Urban Agriculture: A Response to Food Insecurity? Lubumbashi city, Democratic Republic of Congo
Guinea pig keepers in the North Kivu Province of Democratic Republic of Congo. Photo by Neil Palmer. Larger image here.
By Nyumbaiza Tambwe
The paper attempts to establish a relationship between urban agriculture and food security. In other words, it seeks to examine the impact of agricultural activities taking place within and around the city of Lubumbashi on household level. The paper uses the sustainable livelihood approach based on the theories of alternative development. Instead of identifying all strategies used in urban areas, the study focuses on urban agriculture because of its potential as source of food and income. On methodological level, using the non-probability sampling, the city was divided into its seven administrative wards. As each ward is administratively divided into areas, each area was taken as reference for the selection of informants.
A quota sampling of two farmers was given to each area regardless the fact that the number of urban farmers or gardeners was unknown. By selecting at least two farmers in each area of each ward, this means that all Lubumbashi wards were representative in the sample. Also most of the socio-economic categories of people living in this city were represented. Gender as well as a third criterion of selection completed the two-mentioned criteria. More than a half farmers selected was women. With 41 administrative areas, a total of 100 farming households were selected.
The body of this paper is structured as into five main sections. The first section explains why the city of Lubumbashi has been chosen as a study site. Secondly, a brief review of the anthropological literature on household strategies is presented with a focus on the household economy. Alternative development literature considers the household as the starting point in the process of production and consumption. The third section as a practical section examines two major components of food security to see whether urban agriculture permits food to be available and accessible to farming households living in the city of Lubumbashi. The section deals with three farming households representing the major categories of farmers. Fourthly, the paper identifies various types of strategies used by individuals and households to address the question of food insecurity in the city of Lubumbashi. Finally the fifth section emphasizes the role played by women in the household as caregivers and managers. Here, particular attention is drawn on the reinforcement of women’s role in the household and the burden it implies.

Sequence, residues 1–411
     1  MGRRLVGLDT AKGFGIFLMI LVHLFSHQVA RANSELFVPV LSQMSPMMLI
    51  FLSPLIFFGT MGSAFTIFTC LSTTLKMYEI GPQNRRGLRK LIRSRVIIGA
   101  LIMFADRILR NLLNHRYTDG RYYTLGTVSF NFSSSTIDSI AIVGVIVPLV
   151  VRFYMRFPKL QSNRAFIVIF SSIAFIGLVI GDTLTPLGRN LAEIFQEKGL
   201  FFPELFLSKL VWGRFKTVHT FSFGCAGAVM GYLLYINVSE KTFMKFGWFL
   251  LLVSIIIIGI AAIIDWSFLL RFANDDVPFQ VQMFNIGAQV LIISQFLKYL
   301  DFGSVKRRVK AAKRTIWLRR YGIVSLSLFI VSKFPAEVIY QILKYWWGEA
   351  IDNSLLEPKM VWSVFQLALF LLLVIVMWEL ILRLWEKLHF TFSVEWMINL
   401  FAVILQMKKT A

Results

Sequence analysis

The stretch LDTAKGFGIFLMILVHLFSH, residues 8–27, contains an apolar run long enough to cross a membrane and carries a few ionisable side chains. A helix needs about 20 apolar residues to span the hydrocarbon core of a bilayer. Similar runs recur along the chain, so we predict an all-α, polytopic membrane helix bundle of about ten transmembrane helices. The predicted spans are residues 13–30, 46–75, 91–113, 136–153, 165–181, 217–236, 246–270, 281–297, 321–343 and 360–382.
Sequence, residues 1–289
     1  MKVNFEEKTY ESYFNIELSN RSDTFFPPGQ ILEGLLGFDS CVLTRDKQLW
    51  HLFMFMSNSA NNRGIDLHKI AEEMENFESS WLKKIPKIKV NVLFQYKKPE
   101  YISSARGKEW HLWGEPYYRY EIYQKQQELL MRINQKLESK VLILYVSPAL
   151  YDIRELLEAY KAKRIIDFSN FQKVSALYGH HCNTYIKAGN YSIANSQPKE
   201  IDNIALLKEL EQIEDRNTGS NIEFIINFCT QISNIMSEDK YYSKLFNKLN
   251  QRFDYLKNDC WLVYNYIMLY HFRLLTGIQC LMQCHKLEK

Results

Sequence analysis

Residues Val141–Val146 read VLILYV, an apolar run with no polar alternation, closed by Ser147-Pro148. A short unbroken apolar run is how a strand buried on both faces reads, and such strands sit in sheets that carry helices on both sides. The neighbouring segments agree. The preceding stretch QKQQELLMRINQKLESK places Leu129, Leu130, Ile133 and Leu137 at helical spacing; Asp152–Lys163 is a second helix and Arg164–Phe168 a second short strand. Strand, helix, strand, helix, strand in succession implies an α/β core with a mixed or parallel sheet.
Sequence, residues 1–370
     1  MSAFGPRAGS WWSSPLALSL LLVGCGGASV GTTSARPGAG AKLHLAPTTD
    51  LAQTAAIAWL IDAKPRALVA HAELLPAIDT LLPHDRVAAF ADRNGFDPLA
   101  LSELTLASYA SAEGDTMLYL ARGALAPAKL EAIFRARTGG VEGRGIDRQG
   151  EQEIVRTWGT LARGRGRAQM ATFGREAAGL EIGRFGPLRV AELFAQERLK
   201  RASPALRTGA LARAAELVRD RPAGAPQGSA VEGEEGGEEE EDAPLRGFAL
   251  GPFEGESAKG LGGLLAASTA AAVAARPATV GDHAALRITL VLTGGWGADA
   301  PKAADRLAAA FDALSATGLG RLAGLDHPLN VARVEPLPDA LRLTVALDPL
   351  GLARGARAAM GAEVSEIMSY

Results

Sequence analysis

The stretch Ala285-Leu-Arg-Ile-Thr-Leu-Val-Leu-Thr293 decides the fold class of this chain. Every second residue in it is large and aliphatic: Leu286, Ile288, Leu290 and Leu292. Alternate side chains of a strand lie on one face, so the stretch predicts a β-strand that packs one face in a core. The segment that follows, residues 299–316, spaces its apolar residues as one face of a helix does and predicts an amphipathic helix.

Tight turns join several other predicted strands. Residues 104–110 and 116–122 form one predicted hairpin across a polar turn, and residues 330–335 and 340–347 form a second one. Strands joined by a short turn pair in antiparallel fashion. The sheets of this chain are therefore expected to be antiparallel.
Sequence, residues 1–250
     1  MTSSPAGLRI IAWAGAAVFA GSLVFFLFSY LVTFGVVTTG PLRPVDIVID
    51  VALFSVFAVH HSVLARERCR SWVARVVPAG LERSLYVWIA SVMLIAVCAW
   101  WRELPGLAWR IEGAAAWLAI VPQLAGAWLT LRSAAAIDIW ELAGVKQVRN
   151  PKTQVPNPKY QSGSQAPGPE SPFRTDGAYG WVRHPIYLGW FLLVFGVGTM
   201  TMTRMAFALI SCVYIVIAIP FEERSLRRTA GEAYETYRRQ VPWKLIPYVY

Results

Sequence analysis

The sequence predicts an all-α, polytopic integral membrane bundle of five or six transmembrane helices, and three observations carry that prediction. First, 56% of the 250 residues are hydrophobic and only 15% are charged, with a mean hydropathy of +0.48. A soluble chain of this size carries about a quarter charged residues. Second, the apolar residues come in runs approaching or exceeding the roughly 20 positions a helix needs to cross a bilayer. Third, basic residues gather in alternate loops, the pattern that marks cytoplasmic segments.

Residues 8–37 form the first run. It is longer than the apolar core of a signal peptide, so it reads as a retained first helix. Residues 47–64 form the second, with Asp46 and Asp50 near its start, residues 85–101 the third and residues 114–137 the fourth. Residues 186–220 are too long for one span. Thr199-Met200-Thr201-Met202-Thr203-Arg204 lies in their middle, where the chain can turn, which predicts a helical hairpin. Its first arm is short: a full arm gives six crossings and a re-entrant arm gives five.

In the context of economic crisis with a weak state, the household economy is already becoming a response to food insecurity. The practice of cultivation in the city of Lubumbashi has rendered almost all selected households self-sufficient in vegetables through the techniques of diversification, rotation, and alternation all along the year.
Temporary food security (harvest) has also been observed concerning maize. During that period, two to three maize meals a day become possible. But it must be added that only very few households became food secure for the entire year (the Kadony household). The case of Kilambe household is in between the Kadony and the Ngoy household. While through urban agriculture Kadony household succeeded to move out of food insecurity, the Ngoy standard of life continued declining. Kilambe did not necessarily move out of food insecurity, but his condition was not declining. This category of households may become food secure and move out of poverty if a financial support is given to them. Therefore, the role of the government and development agencies is crucial. The case of urban agriculture in Great Gaborone (Botwsana), which through grants received from the government became an entrepreneurial activity, is illustrative (Hovorka, 2004).